New technology to combat blood poisoning

Published: 2013-11-28


Researchers at SciLifeLab were recently granted money from Uppsala BIO-X to develop a new lab-on-a-chip diagnostic tool for early and rapid diagnosis of sepsis. The hope is that the technology will not only save lives but also reduce the development of antibiotic resistance by offering prescription only to patients who would benefit from the treatment.

 

Sepsis, or blood poisoning, is a serious medical condition characterized by inflammation in the whole body caused by bacterial infection. If the condition is left untreated, it leads to organ dysfunction and death. The progress is fast and mortality is increasing by eight percent every hour the patient does not get appropriate treatment. Sepsis leads to death in 20-30 percent of cases and accounts for around 146 000 lives in the EU per year. Adequate treatment reduces mortality significantly if it is given within 24-48 hours but current standard diagnosis based on cultivation of bacteria from blood samples takes two to seven days. Since these tests are so slow, antibiotics are often prescribed as a precaution to patients where symptoms are unclear to avoid sepsis. This broad prescription spurs the development of antibiotic resistant bacterial strains. It is therefore vital that we develop early and rapid diagnostic methods for the condition.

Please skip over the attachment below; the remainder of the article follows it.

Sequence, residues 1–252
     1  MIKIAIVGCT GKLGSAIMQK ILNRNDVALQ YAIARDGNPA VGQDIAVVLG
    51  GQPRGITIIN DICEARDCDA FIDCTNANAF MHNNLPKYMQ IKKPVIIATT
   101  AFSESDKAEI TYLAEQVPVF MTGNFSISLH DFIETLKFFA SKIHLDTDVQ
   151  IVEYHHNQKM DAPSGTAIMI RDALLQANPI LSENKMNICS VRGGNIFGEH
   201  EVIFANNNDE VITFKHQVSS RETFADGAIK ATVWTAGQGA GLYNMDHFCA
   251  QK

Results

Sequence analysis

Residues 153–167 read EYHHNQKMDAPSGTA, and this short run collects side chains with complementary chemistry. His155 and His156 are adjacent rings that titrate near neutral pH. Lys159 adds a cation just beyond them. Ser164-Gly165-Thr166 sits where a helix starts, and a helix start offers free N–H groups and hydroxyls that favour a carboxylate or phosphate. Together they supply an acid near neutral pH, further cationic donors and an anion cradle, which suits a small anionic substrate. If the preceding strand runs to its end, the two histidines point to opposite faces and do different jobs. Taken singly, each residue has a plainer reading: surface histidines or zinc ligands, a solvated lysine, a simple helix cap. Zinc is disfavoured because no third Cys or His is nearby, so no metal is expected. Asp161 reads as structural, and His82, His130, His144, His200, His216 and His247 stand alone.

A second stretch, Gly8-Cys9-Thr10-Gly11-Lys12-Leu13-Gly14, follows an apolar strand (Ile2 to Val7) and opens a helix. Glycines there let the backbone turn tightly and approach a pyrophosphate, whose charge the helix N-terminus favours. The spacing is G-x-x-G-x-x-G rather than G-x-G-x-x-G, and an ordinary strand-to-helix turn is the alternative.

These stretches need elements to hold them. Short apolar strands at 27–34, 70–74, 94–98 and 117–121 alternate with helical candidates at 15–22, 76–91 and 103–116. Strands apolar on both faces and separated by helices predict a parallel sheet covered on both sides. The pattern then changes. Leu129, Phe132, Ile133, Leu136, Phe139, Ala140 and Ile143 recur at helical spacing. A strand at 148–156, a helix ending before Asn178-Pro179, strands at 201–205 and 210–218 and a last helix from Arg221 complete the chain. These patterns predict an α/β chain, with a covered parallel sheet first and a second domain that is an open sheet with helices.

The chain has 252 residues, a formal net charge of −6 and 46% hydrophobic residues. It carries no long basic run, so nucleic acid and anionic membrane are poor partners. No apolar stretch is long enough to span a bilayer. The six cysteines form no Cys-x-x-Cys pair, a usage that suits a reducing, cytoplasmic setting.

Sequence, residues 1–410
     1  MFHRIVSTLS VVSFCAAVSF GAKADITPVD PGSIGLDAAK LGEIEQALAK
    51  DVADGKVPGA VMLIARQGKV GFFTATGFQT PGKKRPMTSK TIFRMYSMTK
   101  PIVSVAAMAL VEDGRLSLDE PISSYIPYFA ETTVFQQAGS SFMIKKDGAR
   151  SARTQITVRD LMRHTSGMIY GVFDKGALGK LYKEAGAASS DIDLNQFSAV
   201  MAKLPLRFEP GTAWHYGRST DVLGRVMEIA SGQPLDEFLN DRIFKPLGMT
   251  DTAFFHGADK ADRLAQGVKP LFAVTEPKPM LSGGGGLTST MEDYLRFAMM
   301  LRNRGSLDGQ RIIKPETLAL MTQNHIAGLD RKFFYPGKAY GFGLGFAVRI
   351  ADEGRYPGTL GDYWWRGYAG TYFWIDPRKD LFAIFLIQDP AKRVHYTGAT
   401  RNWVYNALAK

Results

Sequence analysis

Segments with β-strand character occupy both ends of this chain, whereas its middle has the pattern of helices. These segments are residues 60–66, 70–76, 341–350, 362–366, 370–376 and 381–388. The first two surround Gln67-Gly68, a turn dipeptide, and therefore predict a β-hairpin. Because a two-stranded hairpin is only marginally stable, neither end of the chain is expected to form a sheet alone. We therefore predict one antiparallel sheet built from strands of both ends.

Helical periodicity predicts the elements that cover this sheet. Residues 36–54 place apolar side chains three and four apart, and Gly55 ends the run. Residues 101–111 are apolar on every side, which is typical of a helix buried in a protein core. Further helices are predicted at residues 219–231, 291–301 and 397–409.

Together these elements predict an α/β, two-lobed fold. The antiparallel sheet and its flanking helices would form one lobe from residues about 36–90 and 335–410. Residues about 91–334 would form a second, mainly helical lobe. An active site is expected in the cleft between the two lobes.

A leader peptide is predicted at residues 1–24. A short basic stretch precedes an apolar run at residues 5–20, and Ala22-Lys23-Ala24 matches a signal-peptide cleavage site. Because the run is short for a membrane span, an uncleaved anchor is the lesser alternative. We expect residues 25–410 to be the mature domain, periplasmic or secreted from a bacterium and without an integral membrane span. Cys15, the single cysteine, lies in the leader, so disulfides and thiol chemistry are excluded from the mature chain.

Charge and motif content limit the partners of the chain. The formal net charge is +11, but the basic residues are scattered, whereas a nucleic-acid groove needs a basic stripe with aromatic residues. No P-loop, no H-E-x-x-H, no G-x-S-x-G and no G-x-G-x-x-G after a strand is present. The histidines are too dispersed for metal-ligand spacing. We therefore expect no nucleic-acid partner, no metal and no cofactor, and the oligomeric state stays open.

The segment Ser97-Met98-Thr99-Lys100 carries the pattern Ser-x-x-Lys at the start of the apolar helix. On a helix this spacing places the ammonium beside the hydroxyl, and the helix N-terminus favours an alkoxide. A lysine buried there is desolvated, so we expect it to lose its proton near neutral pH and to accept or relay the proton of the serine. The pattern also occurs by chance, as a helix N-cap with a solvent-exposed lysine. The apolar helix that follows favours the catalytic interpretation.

Researchers at SciLifeLab are now trying to develop a new tool for sepsis diagnosis. The project, led by Aman Russom, is one of three projects aiming to provide solutions to fight hospital-acquired infections that were recently granted money from Uppsala BIO-X. The technique that the SciLifeLab researchers are working on is a lab-on-a-chip system for fast detection of bacteria in the blood.

“Targeted antibiotic prescription is hampered by the lack of rapid diagnostic procedures available for the clinician”, says Aman Russom, associate professor at KTH Royal Institute of Technology. “If we can develop a simple, fast system to test for bacteria in the blood stream, we would not only reduce the mortality associated with sepsis, but also prevent unnecessary prescription of antibiotics”.

The project is part of the BugSee consortium that includes KTH Royal Institute of Technology, University of Antwerp and a company, LumiByte.

Aman Russom, associate professor, KTH

Aman Russom, associate professor, KTH